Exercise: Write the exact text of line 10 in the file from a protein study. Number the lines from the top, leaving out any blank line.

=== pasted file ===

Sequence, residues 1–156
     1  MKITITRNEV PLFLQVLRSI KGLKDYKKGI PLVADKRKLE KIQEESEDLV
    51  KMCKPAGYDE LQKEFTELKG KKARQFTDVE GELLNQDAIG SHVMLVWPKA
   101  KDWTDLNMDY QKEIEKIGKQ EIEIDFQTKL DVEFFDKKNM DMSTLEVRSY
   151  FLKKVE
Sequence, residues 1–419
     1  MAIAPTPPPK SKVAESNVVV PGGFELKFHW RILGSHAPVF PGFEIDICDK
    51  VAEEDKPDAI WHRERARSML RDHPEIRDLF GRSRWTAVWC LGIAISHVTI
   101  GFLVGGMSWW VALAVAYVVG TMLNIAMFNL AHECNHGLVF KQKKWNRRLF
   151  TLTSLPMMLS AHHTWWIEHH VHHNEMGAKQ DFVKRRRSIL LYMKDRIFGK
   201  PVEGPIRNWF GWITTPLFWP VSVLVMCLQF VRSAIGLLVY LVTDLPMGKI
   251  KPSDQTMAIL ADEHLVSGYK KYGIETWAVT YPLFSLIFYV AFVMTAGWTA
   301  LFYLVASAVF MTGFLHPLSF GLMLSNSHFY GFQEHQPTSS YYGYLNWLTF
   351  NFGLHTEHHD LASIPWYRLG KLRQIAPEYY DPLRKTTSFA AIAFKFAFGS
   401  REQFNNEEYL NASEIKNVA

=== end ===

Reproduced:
   151  TLTSLPMMLS AHHTWWIEHH VHHNEMGAKQ DFVKRRRSIL LYMKDRIFGK